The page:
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Dot-Painted China

On its own, a dot looks very lonely indeed. But group several together and they make a striking impression.




Consider, for example, the patterned wings of a ladybug or monarch butterfly. Luckily, Mother Nature doesn't have a monopoly on making things beautiful with spots -- you can do the same with ceramic or porcelain dishes, basic art supplies, and a little imagination.

Putting paint to porcelain is easier than you think. Uncomplicated designs can be done freehand; for others, use our templates or create your own. You'll trace the shapes using transfer paper and a ballpoint pen, then cover those marks with painted dots -- paint applicator makes it a cinch to do this neatly. The delightful freckles lend themselves to a variety of motifs, from organic florals to monograms to geometric patterns. If you can bear to part with them, dot-painted ceramics make wonderful gifts. Arrange the ones you keep on open shelves or behind glass cabinet doors-they are, after all, works of art. We suggest only painting across the surface of plates that are decorative, not for eating.


  • Baby wipes
  • Scissors
  • Red transfer paper
  • Clear tape
  • Ceramic plate or other item
  • Ballpoint pen
  • Food-safe ceramic paint (such as Porcelaine 150)
  • Paper muffin cups
  • Wooden coffee stirrers
  • Paint applicator bottles
  • Straight pin


  1. Step 1


    Photocopy or print templates and enlarge or reduce as desired; cut out. Cut transfer paper slightly larger than template. Place it under template, and tape both to plate. Firmly trace template with a ballpoint pen.

  2. Step 2


    Mix paint colors (we added white to make lighter shades), then pour into applicator bottle.

  3. Step 3


    Practice making dots on scrap paper: Squeeze bottle gently for small dots and harder for larger ones. Make dots on traced design (use pin to unclog bottle tip as necessary). Let dry 2 hours; remove transfer lines with baby wipe. Heat in 300-degree oven for 30 minutes. To store extra paint, insert pin into bottle tip.

Martha Stewart Living, January 2006



Reviews (15)

  • hrh1715 6 Oct, 2014

    Irritates me to no end that MS would recommend a product for use in a manner that is NOT recommended by the manufacturer. From Pebeo's website:

    Porcelaine 150 : Can the decorated objects be put in contact with food?
    No, only surfaces not intended for food contact may be decorated.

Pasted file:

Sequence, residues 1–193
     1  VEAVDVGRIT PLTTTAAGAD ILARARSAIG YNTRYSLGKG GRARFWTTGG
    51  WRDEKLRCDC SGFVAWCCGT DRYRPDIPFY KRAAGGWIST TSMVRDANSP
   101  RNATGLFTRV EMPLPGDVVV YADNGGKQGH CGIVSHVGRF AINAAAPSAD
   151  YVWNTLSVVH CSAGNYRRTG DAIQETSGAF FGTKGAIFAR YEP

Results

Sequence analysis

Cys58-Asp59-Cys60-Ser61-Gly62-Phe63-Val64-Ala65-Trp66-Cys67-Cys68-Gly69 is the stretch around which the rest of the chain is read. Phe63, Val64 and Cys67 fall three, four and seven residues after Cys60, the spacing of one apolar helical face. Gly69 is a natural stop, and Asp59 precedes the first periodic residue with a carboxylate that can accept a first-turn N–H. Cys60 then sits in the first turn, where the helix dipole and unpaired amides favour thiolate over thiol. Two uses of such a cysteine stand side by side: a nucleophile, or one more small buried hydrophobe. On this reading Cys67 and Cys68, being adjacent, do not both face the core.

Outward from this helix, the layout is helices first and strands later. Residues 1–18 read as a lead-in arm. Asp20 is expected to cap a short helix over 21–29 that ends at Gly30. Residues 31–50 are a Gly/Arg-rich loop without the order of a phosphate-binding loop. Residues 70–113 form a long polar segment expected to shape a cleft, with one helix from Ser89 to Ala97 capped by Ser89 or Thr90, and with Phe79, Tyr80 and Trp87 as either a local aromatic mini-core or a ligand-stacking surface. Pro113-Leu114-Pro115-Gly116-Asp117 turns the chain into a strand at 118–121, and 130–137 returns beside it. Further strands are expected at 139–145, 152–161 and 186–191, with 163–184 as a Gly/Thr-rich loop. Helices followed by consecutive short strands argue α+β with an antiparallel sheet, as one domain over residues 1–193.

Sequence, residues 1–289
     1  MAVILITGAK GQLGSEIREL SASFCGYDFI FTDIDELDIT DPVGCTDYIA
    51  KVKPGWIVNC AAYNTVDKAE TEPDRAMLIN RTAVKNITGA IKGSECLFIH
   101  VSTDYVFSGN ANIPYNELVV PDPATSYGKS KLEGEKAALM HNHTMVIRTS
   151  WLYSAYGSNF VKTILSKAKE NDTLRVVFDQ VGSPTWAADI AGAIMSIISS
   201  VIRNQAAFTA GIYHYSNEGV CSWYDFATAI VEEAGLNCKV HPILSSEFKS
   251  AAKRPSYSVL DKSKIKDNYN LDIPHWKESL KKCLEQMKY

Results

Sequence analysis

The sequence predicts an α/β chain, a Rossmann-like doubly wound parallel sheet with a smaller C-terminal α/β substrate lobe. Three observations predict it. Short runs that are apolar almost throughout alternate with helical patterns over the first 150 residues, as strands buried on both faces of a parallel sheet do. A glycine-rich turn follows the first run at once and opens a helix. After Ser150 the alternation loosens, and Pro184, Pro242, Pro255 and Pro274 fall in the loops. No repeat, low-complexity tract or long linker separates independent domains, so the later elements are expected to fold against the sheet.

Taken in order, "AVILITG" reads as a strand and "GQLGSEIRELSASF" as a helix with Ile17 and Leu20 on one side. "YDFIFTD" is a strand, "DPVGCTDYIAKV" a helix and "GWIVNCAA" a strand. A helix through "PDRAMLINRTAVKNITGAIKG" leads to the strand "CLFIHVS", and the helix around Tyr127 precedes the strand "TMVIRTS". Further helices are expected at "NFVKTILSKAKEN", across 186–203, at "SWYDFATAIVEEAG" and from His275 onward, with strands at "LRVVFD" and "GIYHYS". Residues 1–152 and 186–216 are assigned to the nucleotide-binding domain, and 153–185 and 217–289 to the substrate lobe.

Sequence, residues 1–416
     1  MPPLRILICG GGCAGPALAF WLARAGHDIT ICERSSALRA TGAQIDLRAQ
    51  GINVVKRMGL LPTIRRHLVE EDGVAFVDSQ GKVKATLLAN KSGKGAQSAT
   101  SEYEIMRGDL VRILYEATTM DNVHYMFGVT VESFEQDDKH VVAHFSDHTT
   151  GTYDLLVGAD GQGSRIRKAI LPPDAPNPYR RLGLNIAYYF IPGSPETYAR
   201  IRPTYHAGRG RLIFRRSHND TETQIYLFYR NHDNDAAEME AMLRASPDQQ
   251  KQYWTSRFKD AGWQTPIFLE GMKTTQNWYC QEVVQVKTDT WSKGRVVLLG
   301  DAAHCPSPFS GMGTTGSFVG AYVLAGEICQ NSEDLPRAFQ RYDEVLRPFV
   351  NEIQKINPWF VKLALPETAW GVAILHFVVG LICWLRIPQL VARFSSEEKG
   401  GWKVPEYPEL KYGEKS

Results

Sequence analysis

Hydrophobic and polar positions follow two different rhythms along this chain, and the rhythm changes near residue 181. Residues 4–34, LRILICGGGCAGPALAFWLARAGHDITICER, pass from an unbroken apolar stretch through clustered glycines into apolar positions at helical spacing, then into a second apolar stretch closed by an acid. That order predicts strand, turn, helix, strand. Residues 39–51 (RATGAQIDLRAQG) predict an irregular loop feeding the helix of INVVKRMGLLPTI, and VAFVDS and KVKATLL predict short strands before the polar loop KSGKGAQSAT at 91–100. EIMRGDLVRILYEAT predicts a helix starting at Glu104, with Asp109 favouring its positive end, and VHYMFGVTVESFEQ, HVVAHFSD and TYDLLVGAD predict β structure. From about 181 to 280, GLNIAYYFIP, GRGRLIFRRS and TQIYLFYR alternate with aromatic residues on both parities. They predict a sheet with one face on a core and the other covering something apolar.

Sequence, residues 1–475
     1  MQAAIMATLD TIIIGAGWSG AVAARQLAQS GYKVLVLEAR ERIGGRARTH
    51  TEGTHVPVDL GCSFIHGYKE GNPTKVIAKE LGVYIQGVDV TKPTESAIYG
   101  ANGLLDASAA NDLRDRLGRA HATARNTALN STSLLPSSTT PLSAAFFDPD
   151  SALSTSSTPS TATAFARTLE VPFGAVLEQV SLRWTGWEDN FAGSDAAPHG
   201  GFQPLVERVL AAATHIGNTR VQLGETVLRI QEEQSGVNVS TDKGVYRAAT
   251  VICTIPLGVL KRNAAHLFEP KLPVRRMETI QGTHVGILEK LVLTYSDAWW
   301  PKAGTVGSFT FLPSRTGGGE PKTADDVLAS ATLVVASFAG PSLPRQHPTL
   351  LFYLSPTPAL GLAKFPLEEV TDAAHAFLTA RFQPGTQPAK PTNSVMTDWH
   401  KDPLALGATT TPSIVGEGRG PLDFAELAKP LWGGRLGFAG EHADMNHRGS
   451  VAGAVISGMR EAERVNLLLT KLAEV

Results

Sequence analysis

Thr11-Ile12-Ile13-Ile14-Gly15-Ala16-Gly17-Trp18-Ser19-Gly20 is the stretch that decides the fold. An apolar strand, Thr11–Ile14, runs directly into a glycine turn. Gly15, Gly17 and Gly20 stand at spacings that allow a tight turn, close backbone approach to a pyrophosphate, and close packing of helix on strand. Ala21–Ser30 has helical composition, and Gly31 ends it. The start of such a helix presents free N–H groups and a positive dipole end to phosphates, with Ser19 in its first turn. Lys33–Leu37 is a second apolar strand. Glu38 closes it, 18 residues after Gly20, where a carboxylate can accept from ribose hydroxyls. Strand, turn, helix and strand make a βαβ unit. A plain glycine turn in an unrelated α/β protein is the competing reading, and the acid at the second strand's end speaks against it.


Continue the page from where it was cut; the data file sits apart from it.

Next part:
• seanmilesdansey 2 Jan, 2015

    Perhaps you should actually read the page. From the description above: "We suggest only painting across the surface of plates that are decorative, not for eating."

  • tev4157 9 Feb, 2014

    I did this project years ago using the paint and baked the plates according to Martha Stewart's directions and the paint hasn't faded or wiped off or anything. The only pieces that we lost were the ones that broke. My husband bought glass paint last year and we attempted to do the same thing, but that paint washed and flaked off completely.

  • Shirley S 12 Dec, 2013

    Have done this project using permanent sharpies. The ink washes off after several hand washes. It is beautiful when finished but does not last.

  • JoanMar 28 Apr, 2013

    I like this idea, but the comments regarding the paint washing off disturb me. What about using permanent Sharpie markers instead? How about using the markers to draw solid lines, connecting the dots? I would use more than one color, also.

  • TGLDirect 21 Mar, 2013

    This is a wonderful way to repurpose China and make some neat decor that you can be proud of!

  • grannyfive 17 Aug, 2012

    made this turned out nice, but why when i washed it the design came off??

  • geoferr 20 Mar, 2011

    Or use the templates for embroidery projects; sew french knots instead of beads.

  • geoferr 20 Mar, 2011

    These templates could also be used to add beaded designs to sewing projects. Just sew one bead for each dot.

  • NewksLeather 19 Mar, 2011

    I can't get the template to open at all.

  • lilcrafty 11 Mar, 2009

    I have made several of these dishes and I love them, but even with handwashing some of the dots are coming off, I baked them according to the instructions, anyone else having this problem?

  • JakeeJ 23 Dec, 2008

    Instead of a ballpoint pen, I used a sharpie of the same color paint I was using. I found this to give a better mark for me to see. I also used a porcelain pen and felt this gave me better control of the dots I was making. This project was very affordable, which is nice this holiday season.

  • hillsbills 29 Nov, 2008

    where can I find the applicator bottles?

  • slaurelin 9 Jul, 2008

    These designs would also be great as a template for candlewick embroidery on linens to match your dishes

  • IheartMartha 2 Mar, 2008

    What a fun project! I loved the way these looked on the website but wasn't sure I'd be able to recreate the look. I did and they turned out great! This is a wonderful way to decorate on a low budget. I plan to mount the dishes on a wall to show off my skills! ;)